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I am performing document (text) classification on the category of websites, and use the website content (tokenized, stemmed and lowercased).

My problem is that I have an over-represented category which has vastly more data points than any other (roughly 70% or 4000~ of my data points are of his one category, while about 20 other categories make up the last 30%, some of which have fewer than 50 data points).

My first question:

What could I do to improve the accuracy of my classifier in this case of sparse data for some of the labels? Should I simply discard a certain proportion of the data points in the category which is over-represented? Should I use something other than Gaussian Naive Bayes with tf-idf?

My second question:

After I perform the classification, I save the tfidf vector as well as the classifier to disk. However, when I re-rerun the classification on the same data, I sometimes get different results from what I initially got (for example, if previously a data point was classified as "Entertainment", it might receive "News" now). Is this indicative of an error in my implementation, or expected?

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  • $\begingroup$ It's hard to say about Gaussian NB and tf*idf, but I have successfully used multinomial (and sometimes binomial one). Multinomial distribution is much easier to reason about, and it clearly maps to text classification task (value of a feature = number of occurrences of some word in text, probability to get specific text ~ multinomial distribution over all words in this text). Imbalance in dataset is one of the most important components in NB classifier (recall P(C)). You can omit it, if it improves results, but it won't be NB anymore, but more like MLE. $\endgroup$ – ffriend Dec 30 '14 at 22:58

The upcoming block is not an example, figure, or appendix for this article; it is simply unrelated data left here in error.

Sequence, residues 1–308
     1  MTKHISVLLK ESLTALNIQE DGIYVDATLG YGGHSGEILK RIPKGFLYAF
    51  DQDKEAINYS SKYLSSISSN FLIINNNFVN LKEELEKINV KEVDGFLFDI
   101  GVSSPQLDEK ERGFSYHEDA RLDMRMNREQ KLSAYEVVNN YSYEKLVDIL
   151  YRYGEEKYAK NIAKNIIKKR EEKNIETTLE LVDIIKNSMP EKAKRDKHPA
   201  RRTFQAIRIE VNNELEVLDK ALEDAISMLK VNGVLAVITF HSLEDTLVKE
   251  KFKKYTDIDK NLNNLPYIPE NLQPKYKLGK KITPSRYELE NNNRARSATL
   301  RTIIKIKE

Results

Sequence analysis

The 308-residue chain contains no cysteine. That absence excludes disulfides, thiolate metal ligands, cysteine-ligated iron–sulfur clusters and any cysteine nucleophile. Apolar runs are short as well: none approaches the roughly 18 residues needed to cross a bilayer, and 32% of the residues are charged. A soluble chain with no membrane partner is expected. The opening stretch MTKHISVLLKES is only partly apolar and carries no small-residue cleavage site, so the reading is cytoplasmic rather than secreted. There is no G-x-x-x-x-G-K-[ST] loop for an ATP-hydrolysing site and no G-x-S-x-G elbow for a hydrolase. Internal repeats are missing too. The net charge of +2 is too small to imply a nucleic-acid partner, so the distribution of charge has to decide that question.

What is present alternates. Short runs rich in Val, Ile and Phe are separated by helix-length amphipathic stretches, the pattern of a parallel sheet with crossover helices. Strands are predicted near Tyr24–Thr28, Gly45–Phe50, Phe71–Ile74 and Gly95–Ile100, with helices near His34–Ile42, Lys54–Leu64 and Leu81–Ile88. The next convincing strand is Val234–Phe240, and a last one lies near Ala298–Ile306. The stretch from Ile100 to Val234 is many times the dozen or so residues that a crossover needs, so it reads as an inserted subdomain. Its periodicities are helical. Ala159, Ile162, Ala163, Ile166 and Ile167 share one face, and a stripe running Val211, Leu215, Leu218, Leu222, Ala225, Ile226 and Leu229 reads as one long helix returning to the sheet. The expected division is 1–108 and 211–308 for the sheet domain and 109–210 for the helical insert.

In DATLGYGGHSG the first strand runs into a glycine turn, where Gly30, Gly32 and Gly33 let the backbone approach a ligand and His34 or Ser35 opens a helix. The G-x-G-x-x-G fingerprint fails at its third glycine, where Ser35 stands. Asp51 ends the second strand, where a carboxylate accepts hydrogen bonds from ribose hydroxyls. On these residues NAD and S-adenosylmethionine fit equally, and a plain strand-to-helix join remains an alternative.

• $\begingroup$ Based on my experience as a newbie, yes, I've seen that discharging some elements that were causing noise (they were not helping to form a linear continuity) ultimately helped in achieving better results. $\endgroup$ – Andrea Moro Mar 17 at 11:38
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Regarding your first question...

Do you anticipate the majority category to be similarly over-represented in real-world data as it is in your training data? If so, perhaps you could perform two-step classification:

  1. Train a binary classifier (on all your training data) to predict membership (yes/no) in the majority class.
  2. Train a multi-class classifier (on the rest of the training data) to predict membership in the remaining minority classes.
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The correct term for what you're describing here is 'class imbalance' or 'class imbalance problem' . It'd be great if you could include that in the title to have a more meaningful title.

Concerning your first question:

Have you plotted a confusion matrix of the resulting classifications? Is the reason why the accuracy is not satisfying really that instances are wrongly classified as the most common class?

Given your context of application it seems that you could use a certain degree of oversampling. To what extent this can be applied should depend on the frequency of each underrepresented class.

If there is a reasonably high variation in the value distributions on the underrepresented class instances then one could argue that this should be considered when applying the oversampling.

Also, the approach Charlie suggested in his answer could be considered, given that the instances of the underrepresented classes would form a dataset that is suitable for classification.

Edit: I haven't used naive bayes for text classification yet, so I'm not too sure how your attributes look like exactly. Do you just use the frequency of the terms that scored best with tfidf? More general, do you have discrete or continously valued attributes?

If the latter is the case you should consider using some kind of discretisation.

Regarding your second question:

Are you splitting the dataset in any way? Normally, given that the classifier has been trained on the same data, the outcome for the same instance should also be the same.

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